The Question: The Deaths of Vic Sage Review - Who is Vic Sage?
• DC Comics (Publisher)
One of the best parts of not being well versed in DC lore being introduced to new characters. Last week I read my first Lobo story in Tales From the Dark Multiverse. This week it's "The Question" written by the always awesome Jeff Lemire.
Between Descender, Gideon Falls, Moon Knight, A.D. After Death and Bloodshot I believe that Jeff has earned his spot as one of the best writers in comics. Vic Sage presents Jeff Lemire's take on the character. I don't know much about "The Question" aside from recognizing him. I do know The Watchmen's Rorschach, a popular character directly influenced by Vic Sage.
I picked up the book based on the creative team. I love Jeff but I'm also a fan of Denys Cowan who I've been following recently in my Curse of Brimstone reviews.
Vic is morally Black and White to the extreme. He's not right-wing like Rorschach but the fixed morality drives Vic to deep dive compulsively during the detective work. The obsession lead's Vic to discover answers to questions that would have been otherwise been missed by traditional law enforcement.
The book opens with the brutal takedown of a City official who is trafficking underage girls. The Question also exposes the Councilman in his civilian job as Vic Sage, news anchor. During an interview with Myra Ferman, the sister of Mayor Wesley Ferman. Vic blindsides her with the video of the prior night's events and accuses the mayor of having ties to organized crime.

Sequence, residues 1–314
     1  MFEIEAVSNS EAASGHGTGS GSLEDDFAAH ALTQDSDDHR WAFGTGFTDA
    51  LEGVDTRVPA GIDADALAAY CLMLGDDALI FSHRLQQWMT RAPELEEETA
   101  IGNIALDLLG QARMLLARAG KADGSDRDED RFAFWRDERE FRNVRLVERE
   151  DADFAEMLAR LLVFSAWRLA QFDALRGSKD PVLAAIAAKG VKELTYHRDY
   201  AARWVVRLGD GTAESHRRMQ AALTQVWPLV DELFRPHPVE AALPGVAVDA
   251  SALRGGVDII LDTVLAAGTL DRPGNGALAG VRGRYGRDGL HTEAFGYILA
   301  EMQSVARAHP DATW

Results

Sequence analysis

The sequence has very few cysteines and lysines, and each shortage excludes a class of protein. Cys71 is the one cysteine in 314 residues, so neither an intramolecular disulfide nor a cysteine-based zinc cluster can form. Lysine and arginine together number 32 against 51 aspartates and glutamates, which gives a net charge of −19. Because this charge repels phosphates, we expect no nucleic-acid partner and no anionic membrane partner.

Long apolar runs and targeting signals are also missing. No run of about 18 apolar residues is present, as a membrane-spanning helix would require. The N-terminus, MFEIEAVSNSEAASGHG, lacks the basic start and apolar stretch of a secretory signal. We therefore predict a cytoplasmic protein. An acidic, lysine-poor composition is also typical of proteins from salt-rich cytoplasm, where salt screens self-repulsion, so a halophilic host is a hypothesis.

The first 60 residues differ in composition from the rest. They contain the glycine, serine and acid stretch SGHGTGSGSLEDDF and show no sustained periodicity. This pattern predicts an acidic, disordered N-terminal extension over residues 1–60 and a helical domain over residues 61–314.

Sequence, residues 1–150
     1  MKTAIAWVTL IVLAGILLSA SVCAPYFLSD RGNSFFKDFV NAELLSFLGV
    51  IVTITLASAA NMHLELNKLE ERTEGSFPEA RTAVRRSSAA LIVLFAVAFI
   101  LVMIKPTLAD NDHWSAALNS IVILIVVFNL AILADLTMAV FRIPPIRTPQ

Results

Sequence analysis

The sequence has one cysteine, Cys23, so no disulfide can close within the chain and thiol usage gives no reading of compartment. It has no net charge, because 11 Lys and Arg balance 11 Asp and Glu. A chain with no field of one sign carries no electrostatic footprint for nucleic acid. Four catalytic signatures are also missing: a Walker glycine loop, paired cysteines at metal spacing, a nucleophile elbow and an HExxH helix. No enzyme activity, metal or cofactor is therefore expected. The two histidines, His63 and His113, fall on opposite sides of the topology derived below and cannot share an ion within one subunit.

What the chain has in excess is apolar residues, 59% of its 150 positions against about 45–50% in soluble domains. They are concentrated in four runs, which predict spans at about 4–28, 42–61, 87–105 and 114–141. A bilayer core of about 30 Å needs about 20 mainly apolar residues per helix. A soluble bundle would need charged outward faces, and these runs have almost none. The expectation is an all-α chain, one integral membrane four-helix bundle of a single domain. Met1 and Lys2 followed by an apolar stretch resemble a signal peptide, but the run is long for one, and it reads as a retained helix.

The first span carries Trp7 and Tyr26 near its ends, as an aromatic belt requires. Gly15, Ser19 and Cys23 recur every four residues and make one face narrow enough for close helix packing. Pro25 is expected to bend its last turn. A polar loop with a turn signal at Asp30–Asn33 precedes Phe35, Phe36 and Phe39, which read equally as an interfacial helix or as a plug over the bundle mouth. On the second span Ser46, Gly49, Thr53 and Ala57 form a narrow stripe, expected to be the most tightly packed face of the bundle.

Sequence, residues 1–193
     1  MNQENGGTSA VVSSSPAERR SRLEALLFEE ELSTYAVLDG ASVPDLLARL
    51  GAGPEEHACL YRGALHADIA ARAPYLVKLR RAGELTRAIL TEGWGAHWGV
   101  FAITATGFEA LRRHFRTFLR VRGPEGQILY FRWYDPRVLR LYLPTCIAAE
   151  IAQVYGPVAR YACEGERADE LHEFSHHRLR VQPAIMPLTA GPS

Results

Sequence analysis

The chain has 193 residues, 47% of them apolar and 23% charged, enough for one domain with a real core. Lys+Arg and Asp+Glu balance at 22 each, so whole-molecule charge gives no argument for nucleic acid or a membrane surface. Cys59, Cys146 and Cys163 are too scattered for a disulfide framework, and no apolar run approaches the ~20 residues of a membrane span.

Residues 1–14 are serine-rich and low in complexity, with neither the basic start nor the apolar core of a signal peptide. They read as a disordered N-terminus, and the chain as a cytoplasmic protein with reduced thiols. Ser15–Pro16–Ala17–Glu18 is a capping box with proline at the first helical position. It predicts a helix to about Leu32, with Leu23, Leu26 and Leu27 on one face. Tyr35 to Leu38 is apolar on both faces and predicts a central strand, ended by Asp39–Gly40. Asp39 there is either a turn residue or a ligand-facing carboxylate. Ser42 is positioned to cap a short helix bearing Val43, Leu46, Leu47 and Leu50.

Post-interview, Vic accusing her of sitting on the fence while her brother runs rampant committing atrocities. The scene ends with one of Myra's attorneys stepping in to stop the line of questioning. The incident leads to further questions as Vic notices that the attorney is wearing a ring with the same insignia as the City Councilman from the night before. After the situation is tabled for a later discussion Vic dawns his Question persona and begins investigating the emerging conspiracy.
Short review, the issue is absolutely fantastic. It gives you everything you need to know about Vic Sage in the opening and sets up a couple of compelling mysteries. The scenario mentioned above is just one. I never felt lost or confused about what was going on with the story or character nor did I feel that I needed to dig into the character's 50+ year history.
I don't believe the book justifies the 17+ age rating. My son is 11 and I didn't see anything in the issue that I would have a problem with him reading. I think the editors may want to reconsider what they consider adult content to bring in new readers. The Deaths of Vic Sage is mature, yes adult, no.
The second and third acts of the book introduce additional plot threads that will need to be resolved including how Vic Sage apparently dies. Its a great narrative and is one of the best uses of the Black Label format we've seen to date.
The art direction perfectly compliments the script. I love the unnerving appearance of The Question's featureless mask as well as the gritty and sketchy design choices of Gap City. Bill Sienkiewicz and Chris Sotomayor complement Denys nicely.
I see a lot of Rorschach and I can see why Alan Moore grafted the character from Vic. I also believe that I see some of Will Eisner's "The Spirit" in the character. Vic Sage's unwavering moral code and worldview make you want to know what makes the guy tick and what if anything can be done to push him into gray areas.
No complaints at all with the issue. I put The Deaths of Vic Sage #1 down and was thoroughly satisfied. I'm not surprised at all though. Putting Jeff Lemire on a title is money.